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I grew up in a "Christian" home. We attended church twice every Sunday and once every Wednesday. I was also there many other times for activities involving kids my age. The church was the center of our life.

Mom was deeply in love with Jesus. The real deal. Dad died when I was 10, and my stepdad was something of an enigma. He professed to be a Christian, but in his daily words and actions, it was hard to tell. Nevertheless, we were seen by those who knew us as a family of Christians.

I am the first of seven brothers, boys who grew up in the church. And as we came to adulthood and made our own choices, three of seven chose to live as followers of Jesus. The other four walked away from what they grew up in, seeing it as empty and a fraud, or at least unworthy of consideration. Three of seven is appalling, and a failing score by nearly any measure. But it could be far worse, I suppose.

Ever get frustrated?

Do you ever get impatient with your church? Or with church in general? I do. I struggle with church. What I mean is, I don't like churches that have no depth or sense of purpose in them, beyond making their own members feel good. Nor do I like churches that have no idea what they are supposed to be doing. That includes a great many of the churches I have encountered. I have patience neither with self-centered churches nor self-centered people, especially when they profess to be Christians.

Merry Christmas: A Reflection

Well, here we are again, at the best and worst time of the year. Christmas. I love it and I hate it. I listen to endless hours of Christmas music ( is wonderful), but refuse to hear musical triteness like "Have Yourself a Merry Little Christmas."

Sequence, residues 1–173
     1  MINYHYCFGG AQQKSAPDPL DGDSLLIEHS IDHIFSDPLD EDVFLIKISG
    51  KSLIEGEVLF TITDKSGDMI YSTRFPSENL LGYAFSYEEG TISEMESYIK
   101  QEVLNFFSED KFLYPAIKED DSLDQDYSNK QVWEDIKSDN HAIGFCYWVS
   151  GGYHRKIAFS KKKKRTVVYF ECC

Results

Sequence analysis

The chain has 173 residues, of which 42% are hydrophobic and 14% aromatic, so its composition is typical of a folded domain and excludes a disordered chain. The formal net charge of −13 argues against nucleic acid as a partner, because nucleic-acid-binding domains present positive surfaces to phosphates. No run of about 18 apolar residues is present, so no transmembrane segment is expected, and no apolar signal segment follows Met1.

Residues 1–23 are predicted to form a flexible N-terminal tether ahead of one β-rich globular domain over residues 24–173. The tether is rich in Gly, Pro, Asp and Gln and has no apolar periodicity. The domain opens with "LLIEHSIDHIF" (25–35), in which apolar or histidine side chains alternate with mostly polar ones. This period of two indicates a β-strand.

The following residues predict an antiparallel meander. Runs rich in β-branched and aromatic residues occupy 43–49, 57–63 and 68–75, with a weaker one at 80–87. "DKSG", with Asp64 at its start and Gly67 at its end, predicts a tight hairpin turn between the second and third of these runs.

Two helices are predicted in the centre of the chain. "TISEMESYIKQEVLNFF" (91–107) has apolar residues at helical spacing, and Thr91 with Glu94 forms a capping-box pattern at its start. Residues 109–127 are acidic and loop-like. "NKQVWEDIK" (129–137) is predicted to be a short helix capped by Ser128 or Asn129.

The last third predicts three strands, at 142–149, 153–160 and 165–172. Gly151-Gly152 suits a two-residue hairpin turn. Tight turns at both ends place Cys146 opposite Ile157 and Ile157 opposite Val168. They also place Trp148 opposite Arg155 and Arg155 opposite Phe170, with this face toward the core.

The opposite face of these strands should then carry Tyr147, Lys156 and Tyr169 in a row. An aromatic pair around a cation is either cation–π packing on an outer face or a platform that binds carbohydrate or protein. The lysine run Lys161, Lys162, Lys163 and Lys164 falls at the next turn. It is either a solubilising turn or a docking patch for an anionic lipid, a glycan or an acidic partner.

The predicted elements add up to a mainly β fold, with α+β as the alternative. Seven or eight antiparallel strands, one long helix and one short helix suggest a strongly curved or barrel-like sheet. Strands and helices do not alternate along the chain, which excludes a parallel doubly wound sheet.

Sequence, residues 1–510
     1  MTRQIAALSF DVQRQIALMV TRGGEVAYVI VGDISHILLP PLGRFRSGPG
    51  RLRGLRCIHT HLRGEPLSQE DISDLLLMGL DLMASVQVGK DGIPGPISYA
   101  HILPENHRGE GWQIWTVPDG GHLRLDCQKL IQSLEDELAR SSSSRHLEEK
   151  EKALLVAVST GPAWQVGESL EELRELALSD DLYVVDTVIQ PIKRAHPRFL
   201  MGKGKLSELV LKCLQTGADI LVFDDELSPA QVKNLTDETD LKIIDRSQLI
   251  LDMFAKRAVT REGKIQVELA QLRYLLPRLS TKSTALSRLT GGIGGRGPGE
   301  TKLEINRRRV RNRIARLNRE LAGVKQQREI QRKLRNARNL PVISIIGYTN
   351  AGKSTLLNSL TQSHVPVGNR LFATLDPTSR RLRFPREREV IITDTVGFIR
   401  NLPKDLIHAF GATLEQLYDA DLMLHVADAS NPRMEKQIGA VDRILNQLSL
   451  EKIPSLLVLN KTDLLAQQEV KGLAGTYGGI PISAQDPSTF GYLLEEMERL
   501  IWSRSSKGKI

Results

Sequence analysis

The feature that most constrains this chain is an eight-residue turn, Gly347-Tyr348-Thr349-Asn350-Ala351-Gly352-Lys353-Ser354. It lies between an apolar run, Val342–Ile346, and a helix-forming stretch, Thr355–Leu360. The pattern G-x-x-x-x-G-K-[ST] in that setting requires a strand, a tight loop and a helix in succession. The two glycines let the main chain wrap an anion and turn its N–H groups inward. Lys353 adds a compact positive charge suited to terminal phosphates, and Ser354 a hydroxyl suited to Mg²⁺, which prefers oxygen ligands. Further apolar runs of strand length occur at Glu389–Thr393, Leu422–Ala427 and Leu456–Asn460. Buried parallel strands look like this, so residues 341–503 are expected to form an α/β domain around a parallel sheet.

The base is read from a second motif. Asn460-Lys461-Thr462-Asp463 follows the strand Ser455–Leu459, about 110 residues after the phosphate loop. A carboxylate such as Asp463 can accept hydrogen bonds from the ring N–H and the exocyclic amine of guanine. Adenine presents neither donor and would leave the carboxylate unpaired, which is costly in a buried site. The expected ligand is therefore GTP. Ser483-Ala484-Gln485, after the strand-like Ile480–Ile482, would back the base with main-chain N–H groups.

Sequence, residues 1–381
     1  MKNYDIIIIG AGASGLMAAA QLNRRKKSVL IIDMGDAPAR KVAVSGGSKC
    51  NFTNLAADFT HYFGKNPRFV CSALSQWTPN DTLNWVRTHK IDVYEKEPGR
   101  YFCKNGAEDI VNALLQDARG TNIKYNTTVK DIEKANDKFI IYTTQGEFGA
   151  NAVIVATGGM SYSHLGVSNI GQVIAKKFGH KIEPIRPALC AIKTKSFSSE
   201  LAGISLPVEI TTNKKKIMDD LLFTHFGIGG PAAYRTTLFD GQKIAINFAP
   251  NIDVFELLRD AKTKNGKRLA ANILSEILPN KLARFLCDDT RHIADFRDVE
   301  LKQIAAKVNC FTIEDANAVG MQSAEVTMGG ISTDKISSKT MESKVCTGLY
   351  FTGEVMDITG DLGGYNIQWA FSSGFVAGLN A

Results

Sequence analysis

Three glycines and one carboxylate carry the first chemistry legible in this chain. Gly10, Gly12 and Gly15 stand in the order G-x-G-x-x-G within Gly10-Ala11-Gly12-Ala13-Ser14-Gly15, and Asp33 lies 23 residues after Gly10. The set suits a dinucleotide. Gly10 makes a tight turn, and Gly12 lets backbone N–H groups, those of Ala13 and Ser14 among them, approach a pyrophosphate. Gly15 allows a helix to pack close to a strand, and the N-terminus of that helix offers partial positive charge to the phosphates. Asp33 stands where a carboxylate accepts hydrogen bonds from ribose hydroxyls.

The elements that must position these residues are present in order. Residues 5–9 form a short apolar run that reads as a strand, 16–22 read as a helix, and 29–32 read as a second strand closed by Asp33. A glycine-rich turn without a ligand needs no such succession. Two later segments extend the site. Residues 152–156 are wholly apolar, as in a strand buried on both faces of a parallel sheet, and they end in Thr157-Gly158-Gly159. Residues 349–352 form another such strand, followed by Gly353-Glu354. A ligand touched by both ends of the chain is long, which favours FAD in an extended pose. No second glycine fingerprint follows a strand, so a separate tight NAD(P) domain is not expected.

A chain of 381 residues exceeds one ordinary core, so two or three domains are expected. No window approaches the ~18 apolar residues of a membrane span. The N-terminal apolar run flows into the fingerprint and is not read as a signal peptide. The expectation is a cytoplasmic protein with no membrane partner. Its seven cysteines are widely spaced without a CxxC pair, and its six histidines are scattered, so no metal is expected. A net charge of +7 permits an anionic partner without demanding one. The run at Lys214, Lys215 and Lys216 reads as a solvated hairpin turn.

Christmas is depressing because, for most people, it's a tawdry orgy in honor of materialism run wild. It's an event unworthy of those bearing the image of God. For others, however, it's a time marked by hope and excitement at the dawning of a new day.

Despite this paradox, it's perhaps my favorite time, because it marks - admittedly inaccurately - what is the most astonishing event ever: God becoming a man. It marks the day when hope was born, a day when we began the journey from darkness to glorious light.

Abortion: right or wrong?

It's a tough question, and one where nearly everyone has an opinion. However, it seems to me that most of the responses have not been carefully considered. Is abortion right, whether it is legal or not? Or is it wrong? A sin? Even murder? Or is it just another choice? And whichever side you come down on, why?

If you have easy, immediate answers, you probably need to think longer and more carefully. This is a very important question, because the answers we give affect many other parts of our lives.

Bubble-wrapped people

"Bubble-wrapped people." Sounds a little weird, doesn't it?

It certainly did to me, though bubble-wrap is not a new idea. We all know "bubble wrap," a plastic packing material with small air "pillows" in it. It's used to surround some object to isolate it from what's around it and protect it.

But people? Did you ever think of bubble-wrapped people? Probably not, though they're not uncommon, walking through life securely protected from the evil and pain in the world. I think to an extent, at least in western culture, most people live with some degree of insulation protecting them from whatever they perceive as a threat.